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McClatchy Newspapers, Published December 01 2010

Original Oswald coffin going on auction block

DALLAS — The empty pine coffin that once held the body of Lee Harvey Oswald, and that for three decades Allen Baumgardner kept in a storage room at his funeral home, is going up for auction.

A funeral director knows his own mortality, he explained.

“None of us is going to be around here forever,” said Baumgardner, 68, owner of the Baumgardner funeral homes in Fort Worth and Crowley, Texas. “I just felt it was time to let go of it.”

The coffin — and other Oswald artifacts owned by Baumgardner, including a handwritten death certificate for the accused assassin of President John F. Kennedy — will be sold Dec. 16 in Santa Monica, Calif., by the Nate D. Sanders auction house.

Baumgardner's collection is among many JFK-related items the auction house has put up for bid.

Bidding on the coffin will start at $1,000, but Laura Yntema, auction manager, predicted final bids of $60,000 to $100,000. So far, auction house officials have had inquiries from museums and private bidders.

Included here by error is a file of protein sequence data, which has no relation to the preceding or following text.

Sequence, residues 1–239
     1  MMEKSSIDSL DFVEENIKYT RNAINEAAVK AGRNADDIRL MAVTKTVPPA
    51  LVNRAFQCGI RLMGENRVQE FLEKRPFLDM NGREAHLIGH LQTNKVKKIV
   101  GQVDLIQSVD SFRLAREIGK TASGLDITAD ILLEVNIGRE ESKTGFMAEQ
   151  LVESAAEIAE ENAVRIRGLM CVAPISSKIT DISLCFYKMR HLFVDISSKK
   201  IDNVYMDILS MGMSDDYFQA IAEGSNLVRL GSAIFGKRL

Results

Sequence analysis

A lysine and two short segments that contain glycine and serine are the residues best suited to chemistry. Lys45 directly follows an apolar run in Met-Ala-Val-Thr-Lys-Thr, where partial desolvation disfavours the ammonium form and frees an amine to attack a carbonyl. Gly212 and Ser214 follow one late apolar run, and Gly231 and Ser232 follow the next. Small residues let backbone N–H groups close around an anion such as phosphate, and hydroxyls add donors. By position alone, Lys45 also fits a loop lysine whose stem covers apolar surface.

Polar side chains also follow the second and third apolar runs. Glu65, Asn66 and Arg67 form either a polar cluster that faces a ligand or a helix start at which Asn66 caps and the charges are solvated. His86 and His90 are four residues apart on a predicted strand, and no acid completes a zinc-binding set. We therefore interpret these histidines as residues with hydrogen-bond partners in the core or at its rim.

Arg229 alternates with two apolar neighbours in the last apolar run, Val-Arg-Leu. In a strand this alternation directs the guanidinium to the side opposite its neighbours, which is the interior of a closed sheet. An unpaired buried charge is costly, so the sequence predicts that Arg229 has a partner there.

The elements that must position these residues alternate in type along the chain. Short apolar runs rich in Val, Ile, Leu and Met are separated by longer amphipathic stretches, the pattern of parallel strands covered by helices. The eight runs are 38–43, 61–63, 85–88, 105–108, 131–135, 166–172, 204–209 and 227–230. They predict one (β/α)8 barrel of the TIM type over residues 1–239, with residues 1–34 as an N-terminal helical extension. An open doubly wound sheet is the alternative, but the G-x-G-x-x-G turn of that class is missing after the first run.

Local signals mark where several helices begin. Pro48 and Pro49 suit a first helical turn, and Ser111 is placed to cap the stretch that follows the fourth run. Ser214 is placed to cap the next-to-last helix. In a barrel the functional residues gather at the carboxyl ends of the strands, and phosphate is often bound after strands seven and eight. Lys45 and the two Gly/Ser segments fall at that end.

“We view it as a matter of historic significance,” she said. “It's an amazing, one-of-a-kind piece.”

Baumgardner was an assistant to Paul Groody, director of what was then the Miller Funeral Home, who embalmed Oswald's body in 1963. Baumgardner was in attendance when Groody conducted an exhumation of Oswald's body in 1981.

Oswald's grave was reopened after conspiracy theorists noted that records of Oswald's height, weight and eye color differed in official records over the years.

One who shared those concerns was Michael Eddowes, a wealthy British barrister, who wrote a book that theorized that during Oswald's visit to Russia, he was switched with a Soviet agent named Alec.

The agent, not Oswald, was the real assassin of President Kennedy in Dallas on Nov. 22, 1963, Eddowes argued.

According to Gary Mack, curator of the Sixth Floor Museum at Dealey Plaza, Eddowes — convinced that only a new autopsy could clear up the issue — persuaded Oswald's widow, Marina, to agree to exhume the body.

When the exhumation took place in October 1981, the original coffin, a simple pine box with a curved cover, was found to have significantly deteriorated. Once the forensic examination had taken place, the body was returned in a new coffin to the original grave at Shannon Rose Hill Cemetery in Fort Worth.

Medical examiners later announced that the body was undoubtedly Oswald's.

Baumgardner said he took the old coffin back to a storage area of the funeral home and kept it there, because no one else was much interested in its existence. He later acquired and renamed the funeral home after himself, occasionally displaying the Oswald coffin on the rare occasions when someone requested to see it.